The -- his editorials are liberal, however he prints everything from everybody, and this is a business decision that somebody can make that they want to have -- controversy sells. If people choose -- and a lot of people...


LEMON: There's a difference between...

BERNEY: ... people read this newspaper because they do have all opinions there.

LEMON: Yes. OK. But people will say there's difference between controversy and promoting -- Matt, you can correct me if I'm wrong, and being -- coming out and saying that you are the platform for the alt-right. Do they just report on it or do you think they promote it? LEWIS: Well, I do think there's danger that they've mainstream that

and that there's a, you know, it's a fine line. The piece -- the piece that you're referring to I think did try -- it was an explainer to conservatives about what the alt-right is, but I also think that it misrepresented it a little bit. It's right to make it sound like it's what cool young conservatives were doing, not just, you know, white nationalists are doing.

But look, you know, Steve Bannon run this site to some degree, he bears responsibility for everything in it, but he didn't write that piece. And you -- I'm willing to bet you could find titles from places I've worked and others probably on this panel that they may not agree with 100 percent.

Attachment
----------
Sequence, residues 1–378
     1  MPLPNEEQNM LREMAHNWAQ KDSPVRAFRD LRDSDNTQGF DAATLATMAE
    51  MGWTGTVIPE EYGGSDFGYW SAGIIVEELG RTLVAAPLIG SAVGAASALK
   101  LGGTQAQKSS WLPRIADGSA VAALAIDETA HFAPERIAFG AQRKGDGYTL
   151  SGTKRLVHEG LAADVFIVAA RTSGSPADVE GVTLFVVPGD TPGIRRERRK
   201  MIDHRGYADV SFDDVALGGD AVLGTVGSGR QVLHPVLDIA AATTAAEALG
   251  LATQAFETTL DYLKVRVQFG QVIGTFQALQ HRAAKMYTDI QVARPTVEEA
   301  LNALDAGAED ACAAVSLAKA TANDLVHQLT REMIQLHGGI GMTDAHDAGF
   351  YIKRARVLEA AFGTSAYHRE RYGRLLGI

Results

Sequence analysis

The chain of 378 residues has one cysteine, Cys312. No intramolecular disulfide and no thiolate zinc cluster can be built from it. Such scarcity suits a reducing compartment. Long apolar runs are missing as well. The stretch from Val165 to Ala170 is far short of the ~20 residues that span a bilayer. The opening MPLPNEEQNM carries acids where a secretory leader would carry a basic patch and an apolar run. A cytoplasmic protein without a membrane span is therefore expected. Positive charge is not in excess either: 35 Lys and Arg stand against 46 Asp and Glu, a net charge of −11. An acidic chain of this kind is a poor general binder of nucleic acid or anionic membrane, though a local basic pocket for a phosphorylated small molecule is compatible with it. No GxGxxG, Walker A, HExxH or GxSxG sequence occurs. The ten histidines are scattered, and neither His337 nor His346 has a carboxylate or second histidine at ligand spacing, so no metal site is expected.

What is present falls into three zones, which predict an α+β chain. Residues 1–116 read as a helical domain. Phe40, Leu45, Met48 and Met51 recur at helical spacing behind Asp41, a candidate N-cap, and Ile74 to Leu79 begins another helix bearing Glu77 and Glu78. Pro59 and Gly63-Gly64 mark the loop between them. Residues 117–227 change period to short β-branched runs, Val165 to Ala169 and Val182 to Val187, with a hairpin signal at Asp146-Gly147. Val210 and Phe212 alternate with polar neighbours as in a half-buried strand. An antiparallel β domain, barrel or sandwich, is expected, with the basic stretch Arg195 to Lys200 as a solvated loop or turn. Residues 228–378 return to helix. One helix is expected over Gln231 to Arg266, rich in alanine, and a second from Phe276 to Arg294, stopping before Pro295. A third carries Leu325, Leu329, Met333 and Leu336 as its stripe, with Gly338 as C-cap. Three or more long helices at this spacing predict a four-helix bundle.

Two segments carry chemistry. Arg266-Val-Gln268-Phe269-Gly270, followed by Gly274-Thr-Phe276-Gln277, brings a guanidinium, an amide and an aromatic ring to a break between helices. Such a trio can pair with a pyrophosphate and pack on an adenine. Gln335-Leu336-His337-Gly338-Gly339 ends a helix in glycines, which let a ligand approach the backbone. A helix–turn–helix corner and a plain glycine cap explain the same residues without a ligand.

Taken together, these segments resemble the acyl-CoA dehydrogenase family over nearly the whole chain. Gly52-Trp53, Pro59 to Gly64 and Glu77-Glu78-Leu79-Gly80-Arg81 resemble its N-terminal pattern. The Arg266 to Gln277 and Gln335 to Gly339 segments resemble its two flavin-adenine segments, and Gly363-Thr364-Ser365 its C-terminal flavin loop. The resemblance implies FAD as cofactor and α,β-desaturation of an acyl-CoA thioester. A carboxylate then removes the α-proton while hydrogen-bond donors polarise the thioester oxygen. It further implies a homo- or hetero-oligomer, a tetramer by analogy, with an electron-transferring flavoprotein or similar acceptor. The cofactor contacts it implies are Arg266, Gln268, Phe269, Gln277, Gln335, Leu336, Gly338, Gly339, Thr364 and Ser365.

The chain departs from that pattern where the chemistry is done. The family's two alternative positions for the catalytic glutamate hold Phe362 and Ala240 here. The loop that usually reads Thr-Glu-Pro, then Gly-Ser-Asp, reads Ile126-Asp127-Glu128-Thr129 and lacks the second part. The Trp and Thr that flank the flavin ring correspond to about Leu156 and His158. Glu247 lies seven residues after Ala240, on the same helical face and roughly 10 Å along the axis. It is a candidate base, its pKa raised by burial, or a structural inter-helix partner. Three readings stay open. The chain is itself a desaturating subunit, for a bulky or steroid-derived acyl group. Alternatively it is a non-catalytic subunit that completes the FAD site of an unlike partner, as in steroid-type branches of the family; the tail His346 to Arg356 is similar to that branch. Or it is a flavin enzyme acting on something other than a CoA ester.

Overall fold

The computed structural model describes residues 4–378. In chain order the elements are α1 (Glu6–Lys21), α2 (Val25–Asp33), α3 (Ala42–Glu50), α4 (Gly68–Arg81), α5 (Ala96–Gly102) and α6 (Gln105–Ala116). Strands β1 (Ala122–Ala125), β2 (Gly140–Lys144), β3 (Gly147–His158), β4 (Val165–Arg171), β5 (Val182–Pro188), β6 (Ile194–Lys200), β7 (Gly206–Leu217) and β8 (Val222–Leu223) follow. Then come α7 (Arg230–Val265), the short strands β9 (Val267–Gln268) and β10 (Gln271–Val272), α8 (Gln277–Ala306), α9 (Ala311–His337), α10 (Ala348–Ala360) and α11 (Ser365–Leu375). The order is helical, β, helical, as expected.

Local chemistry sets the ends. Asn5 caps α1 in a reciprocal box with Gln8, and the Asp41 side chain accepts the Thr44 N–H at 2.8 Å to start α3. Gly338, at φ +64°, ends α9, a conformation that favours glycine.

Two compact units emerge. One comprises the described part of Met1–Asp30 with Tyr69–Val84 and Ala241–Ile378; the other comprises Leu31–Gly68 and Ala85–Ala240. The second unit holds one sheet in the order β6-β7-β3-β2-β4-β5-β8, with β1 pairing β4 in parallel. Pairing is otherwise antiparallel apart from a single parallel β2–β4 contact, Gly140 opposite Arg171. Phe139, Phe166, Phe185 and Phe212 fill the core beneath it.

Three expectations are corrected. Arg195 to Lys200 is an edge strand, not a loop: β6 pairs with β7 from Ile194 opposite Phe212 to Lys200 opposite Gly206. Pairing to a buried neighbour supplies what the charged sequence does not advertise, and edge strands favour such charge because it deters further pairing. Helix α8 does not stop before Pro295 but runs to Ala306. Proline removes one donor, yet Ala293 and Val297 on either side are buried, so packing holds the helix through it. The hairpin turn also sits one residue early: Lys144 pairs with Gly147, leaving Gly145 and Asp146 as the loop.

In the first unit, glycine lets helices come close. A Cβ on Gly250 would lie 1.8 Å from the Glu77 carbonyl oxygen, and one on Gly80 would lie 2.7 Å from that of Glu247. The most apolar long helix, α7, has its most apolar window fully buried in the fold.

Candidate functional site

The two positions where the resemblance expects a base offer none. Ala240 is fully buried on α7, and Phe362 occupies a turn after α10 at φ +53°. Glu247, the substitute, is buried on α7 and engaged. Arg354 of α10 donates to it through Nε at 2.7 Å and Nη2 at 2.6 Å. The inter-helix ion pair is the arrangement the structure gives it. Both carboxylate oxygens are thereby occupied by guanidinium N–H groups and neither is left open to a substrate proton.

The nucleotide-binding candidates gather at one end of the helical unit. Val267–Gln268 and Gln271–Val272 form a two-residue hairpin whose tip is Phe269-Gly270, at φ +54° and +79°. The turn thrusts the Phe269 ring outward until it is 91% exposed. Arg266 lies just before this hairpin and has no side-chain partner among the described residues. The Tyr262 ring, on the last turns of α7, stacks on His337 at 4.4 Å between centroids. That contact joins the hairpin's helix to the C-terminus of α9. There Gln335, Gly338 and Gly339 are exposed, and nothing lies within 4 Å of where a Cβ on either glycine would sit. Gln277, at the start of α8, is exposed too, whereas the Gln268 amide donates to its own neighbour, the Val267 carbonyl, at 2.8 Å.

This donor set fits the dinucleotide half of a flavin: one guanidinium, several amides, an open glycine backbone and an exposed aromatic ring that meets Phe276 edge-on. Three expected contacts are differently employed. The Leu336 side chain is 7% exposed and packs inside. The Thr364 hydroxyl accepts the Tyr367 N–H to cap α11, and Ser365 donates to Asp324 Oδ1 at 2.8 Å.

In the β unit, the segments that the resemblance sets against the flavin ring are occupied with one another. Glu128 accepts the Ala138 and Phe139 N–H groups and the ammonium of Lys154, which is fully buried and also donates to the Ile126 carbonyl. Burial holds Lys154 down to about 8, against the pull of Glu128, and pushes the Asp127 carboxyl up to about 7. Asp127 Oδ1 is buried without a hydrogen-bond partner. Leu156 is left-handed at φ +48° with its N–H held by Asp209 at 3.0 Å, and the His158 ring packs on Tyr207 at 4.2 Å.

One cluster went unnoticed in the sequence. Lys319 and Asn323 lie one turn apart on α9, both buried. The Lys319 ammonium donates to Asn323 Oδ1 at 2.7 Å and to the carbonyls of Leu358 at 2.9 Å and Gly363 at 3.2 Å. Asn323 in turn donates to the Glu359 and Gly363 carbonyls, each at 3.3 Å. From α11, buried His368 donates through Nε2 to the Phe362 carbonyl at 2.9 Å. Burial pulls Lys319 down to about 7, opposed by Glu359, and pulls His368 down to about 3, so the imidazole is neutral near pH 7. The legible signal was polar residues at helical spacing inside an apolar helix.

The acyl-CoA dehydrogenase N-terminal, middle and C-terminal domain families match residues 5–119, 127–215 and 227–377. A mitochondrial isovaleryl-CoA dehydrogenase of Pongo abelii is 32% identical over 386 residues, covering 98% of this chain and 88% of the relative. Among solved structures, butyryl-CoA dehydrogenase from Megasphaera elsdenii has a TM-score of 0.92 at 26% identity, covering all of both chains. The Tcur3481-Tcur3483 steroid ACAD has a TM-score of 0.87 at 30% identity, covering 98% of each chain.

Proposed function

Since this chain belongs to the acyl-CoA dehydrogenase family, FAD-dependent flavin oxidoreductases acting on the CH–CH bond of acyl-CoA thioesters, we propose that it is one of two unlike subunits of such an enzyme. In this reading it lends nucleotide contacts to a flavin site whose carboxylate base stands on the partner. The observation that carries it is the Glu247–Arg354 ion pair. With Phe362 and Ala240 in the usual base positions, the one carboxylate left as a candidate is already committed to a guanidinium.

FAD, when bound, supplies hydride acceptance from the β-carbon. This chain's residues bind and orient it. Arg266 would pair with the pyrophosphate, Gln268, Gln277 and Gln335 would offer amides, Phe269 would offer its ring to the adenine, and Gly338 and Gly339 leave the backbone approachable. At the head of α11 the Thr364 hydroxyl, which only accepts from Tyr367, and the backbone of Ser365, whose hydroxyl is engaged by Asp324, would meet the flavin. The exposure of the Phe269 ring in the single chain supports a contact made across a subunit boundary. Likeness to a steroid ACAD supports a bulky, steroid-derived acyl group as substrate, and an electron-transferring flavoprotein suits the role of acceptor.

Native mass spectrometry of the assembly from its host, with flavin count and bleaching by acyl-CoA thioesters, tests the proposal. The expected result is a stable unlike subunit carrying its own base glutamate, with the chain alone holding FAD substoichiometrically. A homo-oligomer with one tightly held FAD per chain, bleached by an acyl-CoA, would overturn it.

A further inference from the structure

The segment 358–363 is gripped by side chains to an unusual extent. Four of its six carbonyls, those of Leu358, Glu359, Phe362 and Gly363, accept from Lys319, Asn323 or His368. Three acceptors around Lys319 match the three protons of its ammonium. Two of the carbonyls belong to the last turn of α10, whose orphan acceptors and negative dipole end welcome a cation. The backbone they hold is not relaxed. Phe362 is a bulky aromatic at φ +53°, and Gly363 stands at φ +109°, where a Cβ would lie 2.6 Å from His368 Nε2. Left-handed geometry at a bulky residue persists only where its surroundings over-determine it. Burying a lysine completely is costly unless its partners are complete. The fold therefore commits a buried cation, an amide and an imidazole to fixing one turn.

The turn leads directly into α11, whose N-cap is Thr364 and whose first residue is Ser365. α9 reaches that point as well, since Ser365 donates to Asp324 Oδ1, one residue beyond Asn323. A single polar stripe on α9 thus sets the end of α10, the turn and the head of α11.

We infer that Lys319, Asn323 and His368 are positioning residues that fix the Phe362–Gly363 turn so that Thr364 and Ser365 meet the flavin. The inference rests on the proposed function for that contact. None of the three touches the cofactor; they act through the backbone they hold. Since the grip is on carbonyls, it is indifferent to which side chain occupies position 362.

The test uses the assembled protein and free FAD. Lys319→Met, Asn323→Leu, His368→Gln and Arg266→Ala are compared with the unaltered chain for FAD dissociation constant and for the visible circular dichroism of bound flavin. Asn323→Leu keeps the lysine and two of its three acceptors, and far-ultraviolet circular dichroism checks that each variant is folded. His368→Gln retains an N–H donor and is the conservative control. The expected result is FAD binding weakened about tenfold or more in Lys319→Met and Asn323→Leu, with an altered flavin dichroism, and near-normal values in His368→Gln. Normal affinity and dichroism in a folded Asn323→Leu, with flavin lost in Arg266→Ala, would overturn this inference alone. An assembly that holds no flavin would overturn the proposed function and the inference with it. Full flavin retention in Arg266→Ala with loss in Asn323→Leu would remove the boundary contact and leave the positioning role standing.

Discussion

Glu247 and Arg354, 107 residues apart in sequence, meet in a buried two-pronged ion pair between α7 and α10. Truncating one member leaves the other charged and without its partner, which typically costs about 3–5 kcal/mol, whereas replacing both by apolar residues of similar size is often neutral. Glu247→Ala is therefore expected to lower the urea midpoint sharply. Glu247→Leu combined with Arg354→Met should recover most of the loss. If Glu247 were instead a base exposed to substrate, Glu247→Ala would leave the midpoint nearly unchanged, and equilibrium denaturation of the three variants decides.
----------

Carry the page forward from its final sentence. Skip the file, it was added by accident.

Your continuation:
I think presidents have a right within, you know, within reason to sort of pick the people they want advising them. And I would also say I think that we get up in arms every four or eight years over things like.

I remember it wasn't that long ago. Our friend Van Jones, who was the -- green jobs or something in the Obama administration, had in his past been more of a liberal activist had been at his organization were truthers. And Glenn Beck, who was on our air not that long ago, went on a Jihad against Van Jones.

[22:35:01] I think he did 14 episodes attacking him. Run him out of the Obama administration. Van Jones happens to be one of the most I think thoughtful liberal commentators and best, you know, sort of analysts that I know. But I think that's what we do. These I think were over blown just a little bit.

LEMON: You be hard pressed to see Van Jones promoting racism or anti- Semitism.




BEINART: The analogy doesn't make any sense. Because the reason that Steve Bannon is so disturbing is because of what Donald Trump did. Right? Barack Obama did not take office and then appoint Van Jones after having run a, you know, run a racist birther campaign. Barack Obama did not call for sites...


LEWIS: He went to church -- he went to church with Reverend Wright. To saying that Barack Obama unfairly.

BEINART: Matt, Matt, let me finish. Matt, I didn't -- I didn't -- Matt, let me finish.